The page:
Before Live Music Resumes, Stage Crews Need a Hand

I jumped on an opportunity last year: I worked around New York City on stage crew as a stagehand and production assistant. On show nights, I wore all black. I set up electronics, speakers, lights, and stages for artists big and small. I hustled as one of thousands of production assistants who make live shows possible as part of stage crews.

Stage Crews
An empty stage waits in Midtown, Manhattan. Photo by Zach Hitt.

In March of 2020, a confirmed COVID-19 case infected Westchester. That changed everything. Now in August, many more cases and many businesses remain closed. Those that have reopened endure significant operating restrictions. Most industries have a lot less money in their cash register. Some businesses have gone belly up.

No live music for a while, either. Fans know this. Eliot Byron knows this. Byron began rigging live shows 25 years ago. serving on the stage crews of the IATSC Local One in NYC and as the Crew Chief of Capitol Theatre in Port Chester.

The Capital Theatre. Photo by Chad Anderson.

Just a few train stops north of Westchester, Port Chester shows came to a halt in March — as well as the rest of New York, under the orders of Governor Andrew Cuomo.

“We had a live event [in March]…but they started getting calls and decided not to do it. That was the first indication that we weren’t gonna see live shows for a while” says Byron. 

Stage Crews
A Stagehand assembles and tests lights. Photo by Zach Hitt

Lights, Camera, Action…

The quarantine disappointed fans and live stage crews alike. But a stagehand’s job is comparable to a goalie. A majority of the time, it’s thankless, difficult work that goes unnoticed if executed correctly. But stagehands are the first to take the blame when things go wrong. “The artist [needs a crew]…that safely unloads trucks in a timely manner. You can’t just grab random guys off the street to do this, either. We are the manpower that gets these shows in and out in a safe, efficient process,” Byron explains.

Byron tells me that stage hands often take part in setting up the stage, lights, and sound, connecting the artist’s equipment with the venue’s electronic set up. It’s neither simple nor easy. And if the government or the industry doesn’t provide financial help soon, crew chiefs like Byron will be tasked with hiring and training all new crews who have less familiarity with the equipment, and less experience. “If this goes on for a long time without some kind of incentive to keep people in the industry, then we’ll be tasked with training a whole new set of people to perform a very, very specialized task,” says Byron. The lasting effect could have extreme ramifications for not only the live music industry, but surrounding businesses like bars, nightclubs, restaurants, and attractions, all of whose sales increase during live shows.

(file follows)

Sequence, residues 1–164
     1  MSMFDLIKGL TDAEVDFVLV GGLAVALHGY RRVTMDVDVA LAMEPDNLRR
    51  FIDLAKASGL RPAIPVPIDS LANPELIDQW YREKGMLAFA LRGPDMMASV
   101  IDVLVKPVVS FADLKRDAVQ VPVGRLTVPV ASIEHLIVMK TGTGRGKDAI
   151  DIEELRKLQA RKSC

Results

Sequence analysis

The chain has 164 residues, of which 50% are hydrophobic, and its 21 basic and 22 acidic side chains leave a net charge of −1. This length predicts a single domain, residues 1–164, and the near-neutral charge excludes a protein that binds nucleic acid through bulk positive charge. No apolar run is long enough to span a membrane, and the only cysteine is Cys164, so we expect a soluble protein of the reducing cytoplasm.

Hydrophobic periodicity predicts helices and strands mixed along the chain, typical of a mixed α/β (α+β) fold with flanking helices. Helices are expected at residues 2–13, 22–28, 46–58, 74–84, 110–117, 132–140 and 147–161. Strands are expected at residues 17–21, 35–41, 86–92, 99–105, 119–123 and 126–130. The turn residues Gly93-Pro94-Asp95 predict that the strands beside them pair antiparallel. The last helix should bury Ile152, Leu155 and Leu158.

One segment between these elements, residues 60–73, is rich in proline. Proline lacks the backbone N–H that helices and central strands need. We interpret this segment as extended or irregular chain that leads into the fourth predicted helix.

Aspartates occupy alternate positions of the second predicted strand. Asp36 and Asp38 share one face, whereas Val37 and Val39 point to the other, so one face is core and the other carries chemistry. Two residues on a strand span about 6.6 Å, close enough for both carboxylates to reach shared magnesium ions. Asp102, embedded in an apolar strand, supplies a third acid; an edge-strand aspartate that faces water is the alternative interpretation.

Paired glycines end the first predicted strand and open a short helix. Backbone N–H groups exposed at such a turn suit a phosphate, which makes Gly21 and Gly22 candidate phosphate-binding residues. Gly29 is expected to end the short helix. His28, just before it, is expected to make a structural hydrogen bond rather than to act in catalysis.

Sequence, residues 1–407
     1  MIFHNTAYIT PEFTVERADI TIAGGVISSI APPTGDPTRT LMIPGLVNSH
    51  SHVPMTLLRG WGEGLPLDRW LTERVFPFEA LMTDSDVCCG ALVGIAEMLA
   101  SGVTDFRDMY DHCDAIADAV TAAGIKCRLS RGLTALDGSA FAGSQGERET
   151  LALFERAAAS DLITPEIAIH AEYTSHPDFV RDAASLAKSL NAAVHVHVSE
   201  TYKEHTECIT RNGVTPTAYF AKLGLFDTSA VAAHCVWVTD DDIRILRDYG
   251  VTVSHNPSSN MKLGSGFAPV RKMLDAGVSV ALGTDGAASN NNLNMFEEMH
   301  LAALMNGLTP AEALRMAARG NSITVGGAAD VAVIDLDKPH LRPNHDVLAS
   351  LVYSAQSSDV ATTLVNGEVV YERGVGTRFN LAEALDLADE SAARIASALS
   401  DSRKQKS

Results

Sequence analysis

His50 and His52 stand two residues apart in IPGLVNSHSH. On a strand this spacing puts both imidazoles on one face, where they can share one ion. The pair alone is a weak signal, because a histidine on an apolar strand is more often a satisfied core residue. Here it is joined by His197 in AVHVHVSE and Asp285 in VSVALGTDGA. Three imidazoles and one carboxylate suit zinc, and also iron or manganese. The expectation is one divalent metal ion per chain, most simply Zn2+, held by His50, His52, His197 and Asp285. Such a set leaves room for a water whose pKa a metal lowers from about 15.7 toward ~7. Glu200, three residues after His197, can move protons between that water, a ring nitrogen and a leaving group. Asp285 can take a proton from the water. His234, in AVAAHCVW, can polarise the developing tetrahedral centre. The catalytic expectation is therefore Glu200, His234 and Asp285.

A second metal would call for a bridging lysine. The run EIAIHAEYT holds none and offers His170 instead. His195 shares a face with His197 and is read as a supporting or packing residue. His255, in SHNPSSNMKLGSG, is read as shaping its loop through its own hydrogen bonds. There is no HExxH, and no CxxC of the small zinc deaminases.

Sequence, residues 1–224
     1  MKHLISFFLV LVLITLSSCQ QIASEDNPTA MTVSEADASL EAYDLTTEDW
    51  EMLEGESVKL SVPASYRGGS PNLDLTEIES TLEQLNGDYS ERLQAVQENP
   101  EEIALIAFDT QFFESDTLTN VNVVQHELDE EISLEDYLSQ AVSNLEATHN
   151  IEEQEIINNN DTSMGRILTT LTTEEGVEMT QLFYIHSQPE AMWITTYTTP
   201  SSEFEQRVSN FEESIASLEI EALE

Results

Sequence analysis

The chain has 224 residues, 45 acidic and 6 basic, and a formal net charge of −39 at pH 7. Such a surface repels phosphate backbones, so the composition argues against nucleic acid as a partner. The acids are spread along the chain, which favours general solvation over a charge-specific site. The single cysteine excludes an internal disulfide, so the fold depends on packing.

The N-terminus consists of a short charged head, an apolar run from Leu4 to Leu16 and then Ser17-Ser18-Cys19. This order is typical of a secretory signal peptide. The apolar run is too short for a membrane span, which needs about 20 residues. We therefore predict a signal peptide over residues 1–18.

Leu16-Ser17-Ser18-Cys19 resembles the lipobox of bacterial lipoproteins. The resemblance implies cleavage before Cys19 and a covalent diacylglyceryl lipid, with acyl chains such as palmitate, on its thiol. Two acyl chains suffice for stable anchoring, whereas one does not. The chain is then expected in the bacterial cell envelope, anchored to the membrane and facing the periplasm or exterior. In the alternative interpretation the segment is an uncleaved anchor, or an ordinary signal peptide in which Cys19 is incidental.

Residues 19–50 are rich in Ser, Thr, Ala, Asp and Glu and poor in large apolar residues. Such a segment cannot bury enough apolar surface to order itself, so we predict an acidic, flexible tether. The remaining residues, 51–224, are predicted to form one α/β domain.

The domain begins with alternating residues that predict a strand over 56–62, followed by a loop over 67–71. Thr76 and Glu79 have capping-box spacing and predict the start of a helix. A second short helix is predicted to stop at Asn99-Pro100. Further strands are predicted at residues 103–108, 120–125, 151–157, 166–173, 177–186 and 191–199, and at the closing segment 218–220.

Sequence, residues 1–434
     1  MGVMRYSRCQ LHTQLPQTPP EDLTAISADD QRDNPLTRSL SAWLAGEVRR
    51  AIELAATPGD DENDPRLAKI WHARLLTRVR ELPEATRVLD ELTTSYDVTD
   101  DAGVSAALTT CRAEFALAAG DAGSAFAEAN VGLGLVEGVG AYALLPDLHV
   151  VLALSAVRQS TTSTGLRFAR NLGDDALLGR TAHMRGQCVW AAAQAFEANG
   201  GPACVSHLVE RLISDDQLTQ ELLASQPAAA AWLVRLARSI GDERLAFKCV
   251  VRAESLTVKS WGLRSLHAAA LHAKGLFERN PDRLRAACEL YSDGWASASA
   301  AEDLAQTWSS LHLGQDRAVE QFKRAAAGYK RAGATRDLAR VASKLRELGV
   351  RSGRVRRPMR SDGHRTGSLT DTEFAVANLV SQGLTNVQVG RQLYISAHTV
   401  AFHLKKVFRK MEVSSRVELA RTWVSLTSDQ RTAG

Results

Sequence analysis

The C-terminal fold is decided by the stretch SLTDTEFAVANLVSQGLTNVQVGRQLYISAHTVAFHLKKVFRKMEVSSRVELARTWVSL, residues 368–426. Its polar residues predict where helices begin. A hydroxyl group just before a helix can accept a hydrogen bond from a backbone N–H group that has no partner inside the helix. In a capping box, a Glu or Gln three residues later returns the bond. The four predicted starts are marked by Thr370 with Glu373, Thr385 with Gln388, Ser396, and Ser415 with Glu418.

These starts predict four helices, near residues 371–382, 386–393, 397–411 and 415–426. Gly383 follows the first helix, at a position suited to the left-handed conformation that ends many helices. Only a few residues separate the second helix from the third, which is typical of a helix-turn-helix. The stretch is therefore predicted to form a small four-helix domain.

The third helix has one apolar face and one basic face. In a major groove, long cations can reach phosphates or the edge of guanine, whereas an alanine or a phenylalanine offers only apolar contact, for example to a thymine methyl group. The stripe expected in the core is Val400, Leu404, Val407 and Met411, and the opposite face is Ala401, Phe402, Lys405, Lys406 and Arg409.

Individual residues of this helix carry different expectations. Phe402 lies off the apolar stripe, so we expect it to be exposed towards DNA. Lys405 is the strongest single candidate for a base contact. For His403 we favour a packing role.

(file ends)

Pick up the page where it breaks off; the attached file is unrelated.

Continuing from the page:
Give the people what they want?

Fans of The Neighbourhood gather at Terminal 5 in Manhattan for a concert.
Photo by Zach Hitt.

Frequent attendees of live music have voiced their concern on social media and in public. Some people want economies to reopen immediately, while others have shared concerns of spreading the COVID-19 virus. But while these fans have the safety of their homes and many have other jobs to return to, stage crews will likely be the last group of people to restart their employment. “We were the first to be shut down and we’ll be the last to go back to work,” says Byron.

Who are those guys backstage?

While many people understand that putting on a live show is a team effort, many do not understand the role of a stage crew. And to add confusion, major touring bands have their own road crew, or “roadies,” that differ from stage crew. A road crew is a team of technicians that travels with the performer to assist the artist with the equipment they bring, such as guitars or drums. Stage crews function as a bridge between the artist’s equipment, and the venue’s, such as the speaker system, lights, and sound mixers. In order for a show’s success, the two teams have to work together.

In most venues, especially larger ones, an event employs a team of specialists to lay tracks for a performance. This includes building a heavy stage, lifting bulky speakers, and hoisting enormous light shows to extreme heights. Falls, injuries, and series harm all sit and wait for the first sight of a shaky team or wavering leadership.

Different Vans, Different Plans